Here is the press release from the Tennessee Department of Education, which concludes with a link to district and school scores from around the state:

The Tennessee Department of Education today released district-level results from the 2015
Tennessee Comprehensive Assessment Program (TCAP), which show strong gains in high school and
significant gains in grades 3-8 math.
A majority of students in nearly 100 districts were proficient in math, compared to 2011, when the majority of
students were proficient in math in only 24 districts. Districts showed significant gains specifically in grades 3-8
math with 121 districts out of 144 improving. In addition, for the first time since the test was given in 2011, the
majority of students were proficient or advanced in Algebra II in more than 65 percent of districts.

“The support districts have offered to teachers and students has evolved as we have raised expectations for
learning across the state,” Education Commissioner Candice McQueen said. “The sustained growth in high
school and math and science shows us that the strategies and practices districts are using work. Now we have
an opportunity to understand what has helped move student learning and replicate this in all grades and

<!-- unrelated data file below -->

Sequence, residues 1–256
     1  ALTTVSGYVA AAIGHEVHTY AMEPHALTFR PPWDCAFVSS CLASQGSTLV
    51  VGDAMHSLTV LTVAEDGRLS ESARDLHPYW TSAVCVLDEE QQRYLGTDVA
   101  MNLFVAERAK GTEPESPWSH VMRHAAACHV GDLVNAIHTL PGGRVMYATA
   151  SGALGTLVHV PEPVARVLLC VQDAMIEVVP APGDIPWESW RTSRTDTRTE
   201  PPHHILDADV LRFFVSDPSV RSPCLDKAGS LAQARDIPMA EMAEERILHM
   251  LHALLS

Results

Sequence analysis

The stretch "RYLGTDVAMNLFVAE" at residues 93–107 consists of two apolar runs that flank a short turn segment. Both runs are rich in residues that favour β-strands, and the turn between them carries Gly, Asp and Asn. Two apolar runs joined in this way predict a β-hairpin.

subjects, ensuring that Tennessee students have every opportunity to succeed.”
The majority of Tennessee districts continued to make gains in science across grade levels. Notably, nearly 100
districts made gains in Chemistry. As seen in state results, growth in grades 3-8 English language arts declined
across districts, while the majority of districts made gains in the high school courses of English I and English III.
Historically underserved students also narrowed gaps with their peers in districts across the state. Black,
Hispanic, and Native American students narrowed gaps in both math and English language arts in the majority
of districts. Economically disadvantaged students also narrowed gaps with their peers in high school, making
gains in English II in 65 percent of districts and making gains in Algebra II in 77 percent of districts.

District results also highlighted growth in historically low-performing schools. Students in the Achievement School District (ASD), a state-operated school district created by the Tennessee General Assembly to improve Tennessee’s bottom 5 percent of schools, showed faster learning gains than their peers across the state in math and science. Additional analysis of the ASD data shows that the district’s first and second year cohorts of schools – those in their second and third year of operation – earned the state’s highest possible student achievement growth rating.

Tennessee students have made notable gains over the past four years. Since 2011, 131,000 more students are on grade level in math, and nearly 60,000 more students are on grade level in science.

To see additional district-level TCAP results as well as school-level TCAP results, visit: http://www.tn.gov/education/article/2015-tcap-district-results